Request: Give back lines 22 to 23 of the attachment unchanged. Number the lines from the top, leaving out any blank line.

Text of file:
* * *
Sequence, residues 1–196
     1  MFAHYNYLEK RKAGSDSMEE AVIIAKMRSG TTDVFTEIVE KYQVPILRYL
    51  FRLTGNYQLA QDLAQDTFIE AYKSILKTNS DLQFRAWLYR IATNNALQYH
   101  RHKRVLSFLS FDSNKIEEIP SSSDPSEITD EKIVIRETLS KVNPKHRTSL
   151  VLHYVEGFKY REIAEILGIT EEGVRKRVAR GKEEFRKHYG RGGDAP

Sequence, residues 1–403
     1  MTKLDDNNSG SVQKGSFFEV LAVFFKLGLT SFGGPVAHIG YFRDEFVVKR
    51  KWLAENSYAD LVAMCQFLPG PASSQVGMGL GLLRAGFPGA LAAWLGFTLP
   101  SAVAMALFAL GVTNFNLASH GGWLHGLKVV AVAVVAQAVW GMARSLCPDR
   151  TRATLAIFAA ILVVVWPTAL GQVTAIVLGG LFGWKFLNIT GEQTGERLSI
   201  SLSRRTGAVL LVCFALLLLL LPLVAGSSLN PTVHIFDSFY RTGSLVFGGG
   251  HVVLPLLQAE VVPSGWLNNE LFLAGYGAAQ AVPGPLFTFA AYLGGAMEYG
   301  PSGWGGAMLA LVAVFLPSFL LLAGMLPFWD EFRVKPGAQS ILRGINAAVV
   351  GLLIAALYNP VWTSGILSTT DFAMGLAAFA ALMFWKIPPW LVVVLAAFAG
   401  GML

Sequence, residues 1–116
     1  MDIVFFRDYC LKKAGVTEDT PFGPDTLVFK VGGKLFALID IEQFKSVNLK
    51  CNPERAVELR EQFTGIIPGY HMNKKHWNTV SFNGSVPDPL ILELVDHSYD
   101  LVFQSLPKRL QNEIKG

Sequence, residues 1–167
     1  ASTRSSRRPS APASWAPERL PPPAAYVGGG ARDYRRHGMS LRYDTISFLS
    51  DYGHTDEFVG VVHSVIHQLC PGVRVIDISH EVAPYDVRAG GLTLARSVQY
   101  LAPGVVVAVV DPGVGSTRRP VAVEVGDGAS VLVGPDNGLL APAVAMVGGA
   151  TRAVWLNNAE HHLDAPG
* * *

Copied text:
    51  DYGHTDEFVG VVHSVIHQLC PGVRVIDISH EVAPYDVRAG GLTLARSVQY
   101  LAPGVVVAVV DPGVGSTRRP VAVEVGDGAS VLVGPDNGLL APAVAMVGGA